Volume 1 - Issue 1

Scottish Universities Medical Journal Vol 1- Issue 1

Please find below the list of articles and their abstracts. The full journal is available for download below in PDF format an can be viewed online using ISSUU. Individual articles can be downloaded from the links provided.

Download SUMJ Dundee Vol1 - Issue 1 PDF

Vol 1 - Issue 1 Overview of Articles:

 

Licensed to Kill – The Impact of Legalising Euthanasia and Physician Assisted Suicide on the Training of UK Medical Students

Bhajneek Grewal (5th Year MBChB) University of Dundee; Jennifer Harrison (FY2, Hairmyres Hospital East Kilbride) & Dr. David Jeffrey (Academic Mentor & Retired Palliative Care Consultant, University of Dundee)

Abstract:

There have been a number of attempts to legalise euthanasia and physician assisted suicide (PAS) in the UK over the past decade. The potential impact of legalising euthanasia and PAS in the UK on the training of medical students, the next generation of doctors, is examined in this discussion paper.

Cite this article as:

Grewal B, Harrison J & Jeffrey D (2012). Licensed to Kill - The Impact of Legalising Euthanasia and Physician Assisted Suicide on the Training of UK Medical Students. Scottish Universities Medical Journal. 1 (1). p.6-13

Medical Students and peer support: a discussion based on findings from a BMSc research project

Jocelyn Dick (4th Year MBChB, BMSc) University of Dundee

Abstract:

Little evidence of support schemes available to students following examination failure exists. Peer assisted learning initiatives in medical education have been shown to increase students’ engagement with learning and optimise academic achievement. The role of peers in supporting medical students has not been formally explored at the University of Dundee, where this study was conducted.

Cite this article as:

Dick J (2012). Medical Students and peer support: a discussion based on findings from a BMSc research project. Scottish Universities Medical Journal. 1 (1). p.14-22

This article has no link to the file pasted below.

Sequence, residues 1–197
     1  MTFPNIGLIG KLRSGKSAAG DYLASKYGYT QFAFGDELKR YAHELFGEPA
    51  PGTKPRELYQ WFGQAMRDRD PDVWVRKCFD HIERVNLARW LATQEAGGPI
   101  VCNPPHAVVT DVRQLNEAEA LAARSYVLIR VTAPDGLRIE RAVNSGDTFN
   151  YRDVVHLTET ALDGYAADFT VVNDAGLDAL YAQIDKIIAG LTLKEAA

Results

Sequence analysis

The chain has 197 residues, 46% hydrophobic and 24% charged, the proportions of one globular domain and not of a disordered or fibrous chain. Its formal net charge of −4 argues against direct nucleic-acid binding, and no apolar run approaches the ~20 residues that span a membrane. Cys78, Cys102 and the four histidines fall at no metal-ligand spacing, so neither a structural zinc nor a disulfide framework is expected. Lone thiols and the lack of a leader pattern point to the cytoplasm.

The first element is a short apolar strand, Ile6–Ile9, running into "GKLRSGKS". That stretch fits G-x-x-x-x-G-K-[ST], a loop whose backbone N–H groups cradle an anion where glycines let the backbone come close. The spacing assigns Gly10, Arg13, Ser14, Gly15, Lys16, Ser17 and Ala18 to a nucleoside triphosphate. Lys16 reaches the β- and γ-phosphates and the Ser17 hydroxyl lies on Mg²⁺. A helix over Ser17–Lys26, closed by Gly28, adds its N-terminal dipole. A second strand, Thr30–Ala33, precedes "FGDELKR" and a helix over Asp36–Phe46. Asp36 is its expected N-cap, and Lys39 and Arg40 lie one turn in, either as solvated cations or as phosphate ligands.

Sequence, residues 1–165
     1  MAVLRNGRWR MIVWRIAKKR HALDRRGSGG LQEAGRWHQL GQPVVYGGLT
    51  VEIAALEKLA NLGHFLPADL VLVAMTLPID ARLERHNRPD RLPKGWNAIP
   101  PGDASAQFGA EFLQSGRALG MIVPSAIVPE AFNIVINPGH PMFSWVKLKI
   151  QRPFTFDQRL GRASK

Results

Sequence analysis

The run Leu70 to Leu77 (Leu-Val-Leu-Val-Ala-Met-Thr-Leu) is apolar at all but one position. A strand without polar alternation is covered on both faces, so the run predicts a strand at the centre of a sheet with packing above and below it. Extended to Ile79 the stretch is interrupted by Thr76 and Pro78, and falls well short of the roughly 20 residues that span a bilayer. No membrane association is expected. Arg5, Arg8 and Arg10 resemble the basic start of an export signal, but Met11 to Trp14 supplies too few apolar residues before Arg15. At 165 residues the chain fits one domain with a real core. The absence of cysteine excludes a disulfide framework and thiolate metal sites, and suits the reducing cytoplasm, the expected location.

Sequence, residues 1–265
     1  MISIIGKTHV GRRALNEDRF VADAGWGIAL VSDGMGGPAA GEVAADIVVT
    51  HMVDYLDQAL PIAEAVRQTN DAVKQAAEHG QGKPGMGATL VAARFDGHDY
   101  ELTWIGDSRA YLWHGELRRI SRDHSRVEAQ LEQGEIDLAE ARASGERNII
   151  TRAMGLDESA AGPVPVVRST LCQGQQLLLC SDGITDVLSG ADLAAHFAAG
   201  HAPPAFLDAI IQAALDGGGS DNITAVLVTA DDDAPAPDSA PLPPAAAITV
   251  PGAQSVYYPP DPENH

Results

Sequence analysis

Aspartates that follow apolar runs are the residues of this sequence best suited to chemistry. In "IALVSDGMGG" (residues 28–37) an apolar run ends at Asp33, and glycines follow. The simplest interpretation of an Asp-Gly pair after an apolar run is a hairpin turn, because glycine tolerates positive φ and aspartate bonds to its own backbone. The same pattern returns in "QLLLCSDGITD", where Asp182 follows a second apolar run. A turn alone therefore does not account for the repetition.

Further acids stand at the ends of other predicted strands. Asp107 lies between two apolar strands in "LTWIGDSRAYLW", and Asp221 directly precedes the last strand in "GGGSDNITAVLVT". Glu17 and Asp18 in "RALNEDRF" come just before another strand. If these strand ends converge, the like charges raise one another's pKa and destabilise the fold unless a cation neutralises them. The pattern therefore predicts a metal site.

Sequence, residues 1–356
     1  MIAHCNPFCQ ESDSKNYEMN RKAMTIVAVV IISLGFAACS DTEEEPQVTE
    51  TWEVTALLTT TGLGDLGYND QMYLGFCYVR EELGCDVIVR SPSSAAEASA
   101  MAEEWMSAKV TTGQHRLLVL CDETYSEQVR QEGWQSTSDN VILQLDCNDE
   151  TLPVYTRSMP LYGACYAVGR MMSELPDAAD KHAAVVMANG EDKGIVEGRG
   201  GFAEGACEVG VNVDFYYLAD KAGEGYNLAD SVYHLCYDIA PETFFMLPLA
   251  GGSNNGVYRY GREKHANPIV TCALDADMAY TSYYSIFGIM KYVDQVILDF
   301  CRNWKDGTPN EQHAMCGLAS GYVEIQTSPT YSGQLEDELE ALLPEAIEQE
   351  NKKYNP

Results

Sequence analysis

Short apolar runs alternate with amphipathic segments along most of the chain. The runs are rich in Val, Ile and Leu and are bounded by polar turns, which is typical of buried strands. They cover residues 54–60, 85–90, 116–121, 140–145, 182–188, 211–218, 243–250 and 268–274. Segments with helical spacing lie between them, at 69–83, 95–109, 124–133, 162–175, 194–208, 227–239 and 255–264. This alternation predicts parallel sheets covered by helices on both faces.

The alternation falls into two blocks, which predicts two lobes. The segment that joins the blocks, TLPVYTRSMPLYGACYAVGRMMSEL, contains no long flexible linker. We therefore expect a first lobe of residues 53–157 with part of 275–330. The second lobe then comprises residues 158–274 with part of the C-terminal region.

An analysis of factors contributing to poor outcomes in Cystic Fibrosis

Kirsten Murray (3rd Year MBChB) University of Dundee

Abstract:

Cystic fibrosis [CF] is one of the most frequently seen inherited conditions in Europeans and it affects 1 in 2381 births in the UK1,2. It is an autosomal recessive condition resulting from a mutation in the CFTR (cystic fibrosis transmembrane conductance regulator) gene on chromosome 73. This affects the movement of chloride ions, leading to a disruption of sodium and water movement therefore secretions produced are abnormally thick. These thick secretions cause inflammation and affect the functioning of organs by damaging their cells. This article will review the factors and varaible known to worsen outcomes in CF patients.

Cite this article as:

Murray K (2012). An analysis of factors contributing to poor outcomes in Cystic Fibrosis. 1 (1). p.23-30

Primary Brain Tumours – Everything a Medical Students Needs to Know

Joseph Timmons (4th Year MBChB) University of Dundee

Abstract:

A brain tumour is an illness that inspires fear and foreboding in the general population. They can strike at any age and can often have devastating consequences. They are however relatively uncommon and perhaps this is why many undergraduate medical students do not have much in depth teaching in this area. In this review, we will consider all that an undergraduate student needs to know to have a good understanding of this complex and varied pathology.

Cite this article as:

Timmons J (2012). Primary Brain Tumours - Everything a Medical Student Needs to Know. Scottish Universities Medical Journal. 1 (1). p.31-37

Elective Surgical Management of Unruptured Aortic Abdominal Aneurysm – An Overview

Jennifer Ma (5th Year MBChB) University of Dundee

Abstract: